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Saturday, February 18, 2017

Installing Hustler 6-BTV Part 1 of 4

Back in 2012 in Ramona, CA I decided to install a Hustler 4-BTV in my backyard.  Click on below links for details:
Install Part 1
Install Part 2

Well about 3 weeks ago we started once again to install another Hustler antenna.  This time I chose the Hustler 6-BTV utilizing the DX Engineering Radial plate and Tilt Over mast.

Since my previous install in Ramona, CA, we have moved to Rock Hill, SC.  After submitting to our HOA of my plans for an antenna, it was approved by virtue of the HOA not responding to my reqeust within 30 the fun begins.

One thing I learned from the last install is while the antenna is cheap, getting everything needed to have a high performing vertical antenna is not.  All said and done, I could have purchased a nice Yagi Antenna from Cushcraft & maybe even a tower, the issue is I could not afford the Cement for the tower and I am sure the HOA would have objected to my 80 tower.

My home here in South Carolina sits on 1.02 acres of nice flat land.  So below is my design by using Google Earth:

Ensure you read and follow the install for this antenna from DX Engineering.  Here is the PDF Link to it.

The diagram above shows both a 32 foot and a 62 foot radial field.  I did this to see if I had the space needed and I do have the space for the 62 foot radials.

As mentioned above I have a nice flat 1 acre plot of land.  I decided to place the 6-BTV in the back part of the property and put out sixty, 62 foot radial wires attached to the DX Engineering Radial Plate.  I'll have to cut some of it near the Shed and property lines, but that is okay.

Since we have a good distance of Coax to run, I wanted to ensure I got a good Coax with minimal Attenuation Loss.  See chart.  I decided to get a LMR-600 brand of cable.  I found a good supply at a very good price.  The company I purchased from was Shireen Inc.  Click here for vendor on RFC-600 Cable, which is the same spec as LMR-600.  I purchased the 500 foot roll, as I have about 400 foot to cable and I am sure I will use the rest for something or help out a friend with it.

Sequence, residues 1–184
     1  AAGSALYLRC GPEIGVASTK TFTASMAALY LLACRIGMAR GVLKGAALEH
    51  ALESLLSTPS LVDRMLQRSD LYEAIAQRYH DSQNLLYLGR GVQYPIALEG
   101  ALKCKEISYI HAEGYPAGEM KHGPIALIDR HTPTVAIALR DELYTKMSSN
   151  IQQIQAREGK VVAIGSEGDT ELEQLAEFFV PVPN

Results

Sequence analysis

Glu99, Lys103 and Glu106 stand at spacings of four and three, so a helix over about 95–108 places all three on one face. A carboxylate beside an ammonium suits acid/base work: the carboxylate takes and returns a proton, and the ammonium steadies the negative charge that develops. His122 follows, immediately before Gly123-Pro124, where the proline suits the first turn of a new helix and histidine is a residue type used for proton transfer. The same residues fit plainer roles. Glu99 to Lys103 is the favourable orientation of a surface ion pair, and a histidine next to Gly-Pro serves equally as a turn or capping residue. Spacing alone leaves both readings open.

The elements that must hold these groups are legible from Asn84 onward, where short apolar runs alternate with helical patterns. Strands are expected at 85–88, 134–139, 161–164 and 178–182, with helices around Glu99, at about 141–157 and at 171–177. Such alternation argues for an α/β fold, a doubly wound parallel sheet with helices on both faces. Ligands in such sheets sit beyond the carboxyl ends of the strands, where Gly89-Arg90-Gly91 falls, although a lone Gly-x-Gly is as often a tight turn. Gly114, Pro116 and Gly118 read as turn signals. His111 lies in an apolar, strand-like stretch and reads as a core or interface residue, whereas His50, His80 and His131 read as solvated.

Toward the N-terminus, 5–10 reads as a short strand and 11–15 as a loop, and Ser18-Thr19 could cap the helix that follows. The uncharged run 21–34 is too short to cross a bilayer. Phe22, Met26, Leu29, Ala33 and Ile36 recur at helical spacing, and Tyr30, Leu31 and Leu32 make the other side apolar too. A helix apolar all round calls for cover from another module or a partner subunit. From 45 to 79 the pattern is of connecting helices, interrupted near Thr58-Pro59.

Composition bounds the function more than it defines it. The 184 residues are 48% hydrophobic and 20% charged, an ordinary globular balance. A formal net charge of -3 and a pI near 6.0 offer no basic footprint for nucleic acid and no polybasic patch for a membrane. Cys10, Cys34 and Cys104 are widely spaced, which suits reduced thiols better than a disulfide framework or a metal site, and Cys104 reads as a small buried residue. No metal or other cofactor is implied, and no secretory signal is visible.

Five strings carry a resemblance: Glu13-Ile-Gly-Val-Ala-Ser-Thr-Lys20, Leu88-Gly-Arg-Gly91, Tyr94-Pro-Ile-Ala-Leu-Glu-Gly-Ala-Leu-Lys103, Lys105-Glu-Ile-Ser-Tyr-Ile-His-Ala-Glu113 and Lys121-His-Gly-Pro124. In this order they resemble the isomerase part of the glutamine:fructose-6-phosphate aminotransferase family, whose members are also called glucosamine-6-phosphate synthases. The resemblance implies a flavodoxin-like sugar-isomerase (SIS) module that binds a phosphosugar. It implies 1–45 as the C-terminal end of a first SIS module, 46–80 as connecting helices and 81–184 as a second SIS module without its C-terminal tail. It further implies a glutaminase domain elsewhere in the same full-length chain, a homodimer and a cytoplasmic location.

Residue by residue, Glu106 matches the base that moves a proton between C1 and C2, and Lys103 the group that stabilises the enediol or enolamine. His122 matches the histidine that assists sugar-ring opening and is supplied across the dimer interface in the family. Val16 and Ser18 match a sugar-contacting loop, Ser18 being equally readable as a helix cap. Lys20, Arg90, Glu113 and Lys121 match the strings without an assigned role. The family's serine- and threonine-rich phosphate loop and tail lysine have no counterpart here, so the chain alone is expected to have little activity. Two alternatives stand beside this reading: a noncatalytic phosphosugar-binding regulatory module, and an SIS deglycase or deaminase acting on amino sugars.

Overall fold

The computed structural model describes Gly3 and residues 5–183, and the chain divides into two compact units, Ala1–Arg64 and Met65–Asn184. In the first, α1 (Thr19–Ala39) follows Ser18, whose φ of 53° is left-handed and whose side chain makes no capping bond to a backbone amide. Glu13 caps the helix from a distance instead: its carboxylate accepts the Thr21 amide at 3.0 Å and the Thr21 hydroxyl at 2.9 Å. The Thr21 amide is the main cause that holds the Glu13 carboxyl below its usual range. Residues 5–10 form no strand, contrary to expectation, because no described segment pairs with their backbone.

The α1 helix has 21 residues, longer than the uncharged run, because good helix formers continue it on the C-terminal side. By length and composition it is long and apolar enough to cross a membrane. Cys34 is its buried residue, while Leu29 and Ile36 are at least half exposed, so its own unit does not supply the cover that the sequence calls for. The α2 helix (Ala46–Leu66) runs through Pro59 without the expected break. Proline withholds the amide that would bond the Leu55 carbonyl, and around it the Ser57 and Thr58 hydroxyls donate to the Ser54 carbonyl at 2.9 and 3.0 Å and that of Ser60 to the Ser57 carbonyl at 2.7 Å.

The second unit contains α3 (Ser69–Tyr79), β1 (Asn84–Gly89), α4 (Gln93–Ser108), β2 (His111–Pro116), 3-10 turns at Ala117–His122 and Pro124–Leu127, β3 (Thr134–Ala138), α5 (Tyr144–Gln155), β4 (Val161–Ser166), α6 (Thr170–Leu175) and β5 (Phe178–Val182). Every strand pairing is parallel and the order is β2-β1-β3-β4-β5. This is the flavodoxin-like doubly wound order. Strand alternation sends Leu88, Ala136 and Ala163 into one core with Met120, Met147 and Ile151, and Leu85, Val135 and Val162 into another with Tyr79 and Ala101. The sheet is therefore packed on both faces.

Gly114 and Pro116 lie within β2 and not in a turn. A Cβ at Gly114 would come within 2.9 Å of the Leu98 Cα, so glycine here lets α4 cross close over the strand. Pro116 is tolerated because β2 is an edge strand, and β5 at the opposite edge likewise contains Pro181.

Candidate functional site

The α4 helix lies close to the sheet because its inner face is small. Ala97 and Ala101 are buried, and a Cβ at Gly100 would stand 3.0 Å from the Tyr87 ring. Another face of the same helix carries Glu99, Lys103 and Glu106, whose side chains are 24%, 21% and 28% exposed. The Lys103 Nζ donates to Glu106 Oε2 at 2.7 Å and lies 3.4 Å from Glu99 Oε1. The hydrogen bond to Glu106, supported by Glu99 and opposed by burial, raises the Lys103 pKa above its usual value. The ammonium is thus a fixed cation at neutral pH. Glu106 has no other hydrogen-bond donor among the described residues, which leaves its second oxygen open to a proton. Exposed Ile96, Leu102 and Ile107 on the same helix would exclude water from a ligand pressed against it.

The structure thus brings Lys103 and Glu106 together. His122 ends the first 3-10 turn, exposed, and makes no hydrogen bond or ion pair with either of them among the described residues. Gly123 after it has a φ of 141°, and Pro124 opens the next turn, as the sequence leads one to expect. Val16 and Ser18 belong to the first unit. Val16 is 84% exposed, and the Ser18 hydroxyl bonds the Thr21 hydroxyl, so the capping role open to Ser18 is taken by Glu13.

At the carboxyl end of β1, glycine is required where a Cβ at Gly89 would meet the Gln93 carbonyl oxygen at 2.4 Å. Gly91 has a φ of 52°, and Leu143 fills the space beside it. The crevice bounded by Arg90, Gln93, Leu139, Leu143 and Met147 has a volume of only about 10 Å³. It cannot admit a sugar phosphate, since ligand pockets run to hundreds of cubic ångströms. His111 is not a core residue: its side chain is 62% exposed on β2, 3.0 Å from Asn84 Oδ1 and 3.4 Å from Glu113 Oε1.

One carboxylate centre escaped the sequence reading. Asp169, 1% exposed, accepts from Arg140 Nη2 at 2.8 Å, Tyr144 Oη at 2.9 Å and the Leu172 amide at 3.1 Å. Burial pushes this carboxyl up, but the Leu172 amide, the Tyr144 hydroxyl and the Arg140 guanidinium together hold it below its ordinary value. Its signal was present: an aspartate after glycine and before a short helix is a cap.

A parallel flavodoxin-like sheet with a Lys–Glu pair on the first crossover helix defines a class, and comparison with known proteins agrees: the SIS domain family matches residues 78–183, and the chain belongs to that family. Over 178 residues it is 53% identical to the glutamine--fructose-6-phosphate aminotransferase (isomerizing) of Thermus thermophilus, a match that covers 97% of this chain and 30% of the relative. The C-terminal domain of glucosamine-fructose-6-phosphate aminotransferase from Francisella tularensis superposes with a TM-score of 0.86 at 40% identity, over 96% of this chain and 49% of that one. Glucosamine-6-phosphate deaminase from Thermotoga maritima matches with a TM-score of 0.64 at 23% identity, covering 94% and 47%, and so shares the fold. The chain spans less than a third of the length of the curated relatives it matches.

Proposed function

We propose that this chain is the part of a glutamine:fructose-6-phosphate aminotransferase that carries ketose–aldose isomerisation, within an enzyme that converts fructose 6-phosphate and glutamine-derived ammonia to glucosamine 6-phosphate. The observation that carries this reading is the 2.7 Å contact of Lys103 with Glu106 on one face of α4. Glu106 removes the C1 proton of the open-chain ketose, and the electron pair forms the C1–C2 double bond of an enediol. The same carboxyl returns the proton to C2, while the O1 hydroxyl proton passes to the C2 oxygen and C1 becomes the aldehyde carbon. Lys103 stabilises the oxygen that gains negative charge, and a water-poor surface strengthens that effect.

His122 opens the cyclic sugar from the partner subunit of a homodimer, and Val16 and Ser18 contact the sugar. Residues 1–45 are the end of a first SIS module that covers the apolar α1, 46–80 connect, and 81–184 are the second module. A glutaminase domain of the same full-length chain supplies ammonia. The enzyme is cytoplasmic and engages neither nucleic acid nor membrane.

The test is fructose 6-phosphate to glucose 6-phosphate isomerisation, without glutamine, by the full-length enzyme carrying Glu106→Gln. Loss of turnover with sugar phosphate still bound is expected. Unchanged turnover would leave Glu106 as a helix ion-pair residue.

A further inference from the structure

Steps needed to complete for success.

1.  Dig a 4 foot deep hole, 12 inches wide for mast
2.  Trench 400 foot to place a two inch conduit run for the two coax feeds
3.  Assemble, glue 400 Foot of 2" conduit pipe for the Coax line
4.  Cut, crimp sixty, 62 foot 14 AWG Stranded Copper Radial Line (Purchased at Lowes).  You can
     get 8 radials per 500 foot roll.
5.  Four Copper 8 Foot grounding rods.
     a.  One connected to Radial Field
     b.  One at base of  antenna with a Polyphaser Coax Lightning Protection
     c.  One at Garage Entry Panel with another Polyphaser Coax Lightning Protection
     d.  One next to Ham Station near the back of garage for RF Grounding
6.  Setup and design Coax Entry Panel on the outside
7.  Put it all together
8.  Tuning the BTV with my RigExpert AA-170
9.  Getting on the air

Since I did not have a post hole digger and they cost about 30-40 dollars, I decided to rent one.  It cost me $86.00 at Home Depot for 4 hours and well worth it.  For I am sure we would have spent 4 plus hours doing it with a post hole digger, this had it done in under a hour.

My back feels so good
Cement mixing for mast

My wonderful wife putting my call sign (K6FI) in the cement

Now that we had almost 400 foot of Coax to bury, we would need to trench about one foot down. Knowing a good neighbor always helps, as they may have a trencher you can barrow.

Trencher made all the difference

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